Monday, July 02, 2012
As soon as we heard that the River Calder was navigable again, we 'set sail' from Huddersfield, under this unique lifting bridge, the Turnbridge Loco Liftbridge (1865). If you click on the picture to enlarge it, you may see that the whole road section is lifted vertically by its own crane while the boat passes underneath. Nowadays it is electrically operated – it used to be wound by windlass. No wonder it's called a 'Turnbridge'!
Just a few locks and miles out of Huddersfield, we moored up for the night on the Huddersfield Broad Canal. We had been through our last narrow locks for quite a while! We joined the River Calder (Calder & Hebble Navigation) at Cooper Bridge, and were glad to find the river level was comfortably down – no problems!
We had a little surprise near Battyeford, when a fluttering noise announce the arrival of a temporary passenger! This racing pigeon hitched a lift with us until Mirfield. He was hand tame and seemed uninjured – maybe just a little tired or disorientated?
Ivy-leaved Toadflax in a lock wall near Wakefield.
The Calder and Hebble joins the Aire & Calder at Wakefield's 'Fall Ing' Lock. (An 'ing' is a water-meadow). After quite a delay with an earlier boat coming up, we fitted three narrowboats in with no difficulty, though the nearest one lives up to its name – 'Dinky'.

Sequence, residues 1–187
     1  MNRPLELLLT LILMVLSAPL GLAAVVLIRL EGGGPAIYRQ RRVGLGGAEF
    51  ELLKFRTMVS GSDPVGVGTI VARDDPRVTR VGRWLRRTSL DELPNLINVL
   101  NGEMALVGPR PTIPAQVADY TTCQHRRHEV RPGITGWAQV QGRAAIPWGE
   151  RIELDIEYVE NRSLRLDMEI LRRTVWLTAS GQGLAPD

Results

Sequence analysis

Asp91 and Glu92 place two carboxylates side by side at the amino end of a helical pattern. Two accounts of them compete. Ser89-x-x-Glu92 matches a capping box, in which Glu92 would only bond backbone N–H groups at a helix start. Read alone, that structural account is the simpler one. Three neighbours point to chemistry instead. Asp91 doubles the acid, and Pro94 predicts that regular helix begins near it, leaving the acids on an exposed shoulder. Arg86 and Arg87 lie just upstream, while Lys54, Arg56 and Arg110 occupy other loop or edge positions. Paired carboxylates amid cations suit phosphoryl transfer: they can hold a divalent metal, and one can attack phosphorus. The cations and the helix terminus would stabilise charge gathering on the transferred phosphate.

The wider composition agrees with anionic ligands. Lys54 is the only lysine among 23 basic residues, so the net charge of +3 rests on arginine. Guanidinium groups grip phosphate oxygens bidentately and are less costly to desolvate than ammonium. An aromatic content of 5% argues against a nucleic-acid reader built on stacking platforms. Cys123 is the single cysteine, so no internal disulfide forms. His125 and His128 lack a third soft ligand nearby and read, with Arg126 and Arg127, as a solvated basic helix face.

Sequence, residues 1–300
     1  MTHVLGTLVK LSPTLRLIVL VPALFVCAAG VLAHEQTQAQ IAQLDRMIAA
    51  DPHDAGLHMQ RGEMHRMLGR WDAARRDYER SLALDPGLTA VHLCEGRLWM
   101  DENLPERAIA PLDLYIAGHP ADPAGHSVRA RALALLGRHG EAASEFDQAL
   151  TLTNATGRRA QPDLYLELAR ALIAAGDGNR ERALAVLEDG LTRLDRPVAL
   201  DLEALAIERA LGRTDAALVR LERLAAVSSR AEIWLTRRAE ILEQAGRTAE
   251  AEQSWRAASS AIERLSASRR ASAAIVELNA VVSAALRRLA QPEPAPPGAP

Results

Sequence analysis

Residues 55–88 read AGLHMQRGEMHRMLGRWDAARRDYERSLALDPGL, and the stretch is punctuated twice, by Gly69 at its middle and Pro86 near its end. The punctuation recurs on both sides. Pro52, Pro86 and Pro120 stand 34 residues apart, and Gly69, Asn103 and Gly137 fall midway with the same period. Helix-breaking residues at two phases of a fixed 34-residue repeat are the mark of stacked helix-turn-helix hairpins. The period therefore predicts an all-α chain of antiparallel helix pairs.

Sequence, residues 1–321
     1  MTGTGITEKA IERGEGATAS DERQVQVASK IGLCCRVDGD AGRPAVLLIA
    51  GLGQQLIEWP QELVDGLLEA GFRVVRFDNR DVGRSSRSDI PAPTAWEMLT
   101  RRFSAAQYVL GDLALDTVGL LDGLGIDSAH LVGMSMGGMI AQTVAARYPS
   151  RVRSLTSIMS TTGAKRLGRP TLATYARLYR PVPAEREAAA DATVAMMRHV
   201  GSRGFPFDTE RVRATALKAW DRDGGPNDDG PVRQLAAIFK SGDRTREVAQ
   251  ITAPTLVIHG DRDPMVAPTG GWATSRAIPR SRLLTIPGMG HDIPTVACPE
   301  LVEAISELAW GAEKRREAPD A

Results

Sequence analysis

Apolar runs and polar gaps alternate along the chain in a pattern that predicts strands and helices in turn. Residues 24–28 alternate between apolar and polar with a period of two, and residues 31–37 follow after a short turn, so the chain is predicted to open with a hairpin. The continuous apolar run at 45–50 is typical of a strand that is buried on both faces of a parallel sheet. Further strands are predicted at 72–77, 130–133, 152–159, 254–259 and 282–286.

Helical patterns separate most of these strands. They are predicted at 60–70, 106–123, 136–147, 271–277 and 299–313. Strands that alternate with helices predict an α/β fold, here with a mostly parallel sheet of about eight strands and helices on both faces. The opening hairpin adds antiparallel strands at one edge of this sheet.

We stopped for lunch and so had a later lock all to ourselves, but this gives you an idea of normal-sized locks on the Aire & Calder –
but no hard work is involved, just pressing buttons! They are all mechanised with electrically-operated hydraulics.
At Castleford, where the Calder joins the Aire, we passed 'Dinky' again as he was setting off after shopping. We waited for him at the gigantic Lemonroyd Lock and moored above for the night. Here we are at Woodlesford Lock the next morning – about the same length but only 7'6" deep instead of 13'6".
The few miles up to Leeds were a bit of a race against time, as it had been raining through the night and we knew that the River Aire gets fierce when rain falls in the Dales. Fortunately, all the river level indicators at the locks were 'on green', including this last one where the Leeds & Liverpool Canal turns off the Aire.
The next day, after more rain, the river was totally un-navigable, not quite a raging torrent but heading that way. With later news of floods in Yorkshire and on the Rochdale Canal (upstream on the Calder) we were very glad that 1) we had made it safely onto the L&L in time and 2) that we hadn't opted to cross back over the Pennines via the Rochdale this year – we had talked about it as a possibility!